The Accountability Question:
Mention the subject of sending missionary support to foreign nationals, and the first question that normally arises is how to hold them accountable. This is, of course, a valid question. However, it is not always an innocent one. As patriotic Americans, we must be careful not to ask this question on the basis of some subtle form of national pride which may lead us to believe that we are somehow superior to our national brethren in other countries. Like them, we too are nationals, and once American nationals are several thousand miles from home, holding them accountable to their supporting churches is not much different than holding foreign nationals accountable. Moreover, the ease of global communication and travel we enjoy today enables us to practice accountability more effectively than ever before.
Of course, assuming that US nationals are superior to other nationals is not biblical. This assumption must be based upon factors that have nothing to do with the real work of missions. Americans enjoy a higher standard of living than citizens of many other nations. However, economic superiority in no way equates to spiritual superiority. In fact, the reverse is often true. Scripture tells us in more than one place that economic superiority usually creates spiritual inferiority (Mt. 19:23-24; Ja. 2:6-7; 5:1-6). The work of missions is about making disciples of Jesus Christ, and poor people often display a greater willingness to follow Christ than rich people do (Ja. 2:5).
The US military is far superior to most other militaries, but Scripture reminds us that the warfare that matters to God is spiritual in nature (Eph. 6:12) and cannot be fought with material weapons (II Cor. 10:3-4). Any honest American believer would have to admit that America is largely losing the battles that matter most to God.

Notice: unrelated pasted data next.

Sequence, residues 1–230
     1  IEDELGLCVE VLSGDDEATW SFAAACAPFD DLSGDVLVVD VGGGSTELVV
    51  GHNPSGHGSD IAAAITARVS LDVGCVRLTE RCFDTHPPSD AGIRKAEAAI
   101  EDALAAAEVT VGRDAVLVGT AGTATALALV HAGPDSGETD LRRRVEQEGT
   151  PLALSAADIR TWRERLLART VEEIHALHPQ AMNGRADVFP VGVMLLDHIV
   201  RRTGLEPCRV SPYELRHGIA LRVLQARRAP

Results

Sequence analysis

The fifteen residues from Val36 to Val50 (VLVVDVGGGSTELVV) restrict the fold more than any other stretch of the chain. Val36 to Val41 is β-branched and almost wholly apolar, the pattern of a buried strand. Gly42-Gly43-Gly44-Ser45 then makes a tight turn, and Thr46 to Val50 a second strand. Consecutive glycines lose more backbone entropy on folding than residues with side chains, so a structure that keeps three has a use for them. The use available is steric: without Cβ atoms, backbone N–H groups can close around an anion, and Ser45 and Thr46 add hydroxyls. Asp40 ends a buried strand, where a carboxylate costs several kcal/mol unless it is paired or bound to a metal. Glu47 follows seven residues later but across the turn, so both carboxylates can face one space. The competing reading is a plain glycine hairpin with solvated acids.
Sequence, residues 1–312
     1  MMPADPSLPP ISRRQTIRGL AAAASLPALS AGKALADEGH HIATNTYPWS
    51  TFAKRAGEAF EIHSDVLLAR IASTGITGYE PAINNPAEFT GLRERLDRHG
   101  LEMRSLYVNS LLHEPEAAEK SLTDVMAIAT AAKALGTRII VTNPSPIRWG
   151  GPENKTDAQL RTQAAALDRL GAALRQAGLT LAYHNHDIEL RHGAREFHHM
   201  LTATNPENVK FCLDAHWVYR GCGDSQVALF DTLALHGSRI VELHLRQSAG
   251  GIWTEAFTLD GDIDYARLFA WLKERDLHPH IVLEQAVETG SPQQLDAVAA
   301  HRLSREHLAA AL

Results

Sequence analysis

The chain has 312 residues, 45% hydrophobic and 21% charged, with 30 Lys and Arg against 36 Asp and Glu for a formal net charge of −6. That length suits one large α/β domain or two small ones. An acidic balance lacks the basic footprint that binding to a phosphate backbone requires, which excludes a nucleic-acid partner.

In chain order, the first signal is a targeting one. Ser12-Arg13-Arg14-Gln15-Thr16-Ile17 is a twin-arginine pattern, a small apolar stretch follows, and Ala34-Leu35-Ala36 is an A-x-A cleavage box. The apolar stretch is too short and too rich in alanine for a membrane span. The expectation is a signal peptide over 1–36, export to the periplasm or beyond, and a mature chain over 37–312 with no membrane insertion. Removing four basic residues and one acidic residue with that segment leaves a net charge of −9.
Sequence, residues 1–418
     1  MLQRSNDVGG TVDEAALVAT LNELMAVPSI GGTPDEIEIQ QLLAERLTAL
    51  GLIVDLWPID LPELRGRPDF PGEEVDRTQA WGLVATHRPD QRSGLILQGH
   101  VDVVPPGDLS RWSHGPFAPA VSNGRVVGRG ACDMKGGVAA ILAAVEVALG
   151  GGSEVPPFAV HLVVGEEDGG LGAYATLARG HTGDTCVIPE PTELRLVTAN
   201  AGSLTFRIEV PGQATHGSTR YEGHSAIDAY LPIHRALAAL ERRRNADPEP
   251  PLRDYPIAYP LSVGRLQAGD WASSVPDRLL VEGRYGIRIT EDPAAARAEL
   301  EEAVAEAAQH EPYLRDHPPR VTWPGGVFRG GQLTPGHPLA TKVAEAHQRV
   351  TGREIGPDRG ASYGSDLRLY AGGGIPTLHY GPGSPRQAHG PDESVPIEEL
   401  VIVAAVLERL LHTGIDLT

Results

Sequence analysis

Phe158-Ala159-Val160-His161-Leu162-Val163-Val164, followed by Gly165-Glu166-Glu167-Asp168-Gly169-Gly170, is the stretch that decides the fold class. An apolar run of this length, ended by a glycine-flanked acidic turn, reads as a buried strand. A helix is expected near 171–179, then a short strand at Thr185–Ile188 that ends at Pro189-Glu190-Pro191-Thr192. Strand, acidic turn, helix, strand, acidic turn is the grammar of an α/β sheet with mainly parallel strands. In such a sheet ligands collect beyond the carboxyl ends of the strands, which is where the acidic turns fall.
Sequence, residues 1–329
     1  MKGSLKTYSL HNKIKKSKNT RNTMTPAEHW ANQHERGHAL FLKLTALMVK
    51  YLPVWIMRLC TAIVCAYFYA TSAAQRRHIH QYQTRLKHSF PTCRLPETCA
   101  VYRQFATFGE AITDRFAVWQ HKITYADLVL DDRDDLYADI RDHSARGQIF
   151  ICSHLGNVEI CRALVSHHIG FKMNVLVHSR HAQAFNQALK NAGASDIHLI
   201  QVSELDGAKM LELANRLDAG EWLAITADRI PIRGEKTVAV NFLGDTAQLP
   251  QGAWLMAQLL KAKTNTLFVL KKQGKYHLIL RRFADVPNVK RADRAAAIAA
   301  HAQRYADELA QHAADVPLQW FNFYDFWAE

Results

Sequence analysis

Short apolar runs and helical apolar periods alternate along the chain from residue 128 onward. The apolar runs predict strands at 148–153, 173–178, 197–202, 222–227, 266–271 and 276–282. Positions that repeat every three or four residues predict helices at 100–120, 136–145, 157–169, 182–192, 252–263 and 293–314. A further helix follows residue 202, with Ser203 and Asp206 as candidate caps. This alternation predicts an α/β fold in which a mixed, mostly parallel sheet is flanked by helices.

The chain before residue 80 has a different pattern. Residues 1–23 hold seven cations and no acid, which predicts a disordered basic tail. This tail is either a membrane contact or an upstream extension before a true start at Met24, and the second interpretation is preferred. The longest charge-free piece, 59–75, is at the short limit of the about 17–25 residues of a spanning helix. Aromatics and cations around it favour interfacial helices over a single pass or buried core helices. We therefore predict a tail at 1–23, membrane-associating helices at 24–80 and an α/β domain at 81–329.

American believers who have had the opportunity to visit countries dominated by Buddhism, Hinduism, and even Islam often see a far greater hunger for spiritual truth than they now see in America. This hunger not only means that the citizens of those nations are more open to hearing the gospel, but it also means that when those citizens become believers, they are more eager to give their lives to preaching the gospel. God is raising up a spiritual army from among our national brethren in other lands to aggressively and faithfully take the gospel to the neediest areas of our world. American believers can either watch these foreign nationals spread the gospel, or we can help them spread the gospel.
Church planters normally have to receive financial support from churches other than the ones they plant. That being the case, Scripture nowhere requires a church planter to limit his support to churches within his own nation. In fact, Scripture actually contains examples to the contrary. The field is the world, and a missionary from one part of the world may draw financial support from a church in any other part of the world.
God has used American missionaries greatly, and they are still needed. In fact, every member of IPM’s Education Department is an American missionary. However, we must avoid the kind of prideful thinking which leads us to believe that American missionaries are more valuable to God than missionaries from other parts of the world. I love America, and I’m grateful to be a citizen of America, but the fact of the matter is that God did not use America as the primary nation to start the modern missions movement, and many current factors seem to indicate that He will not use America as the primary nation to close it.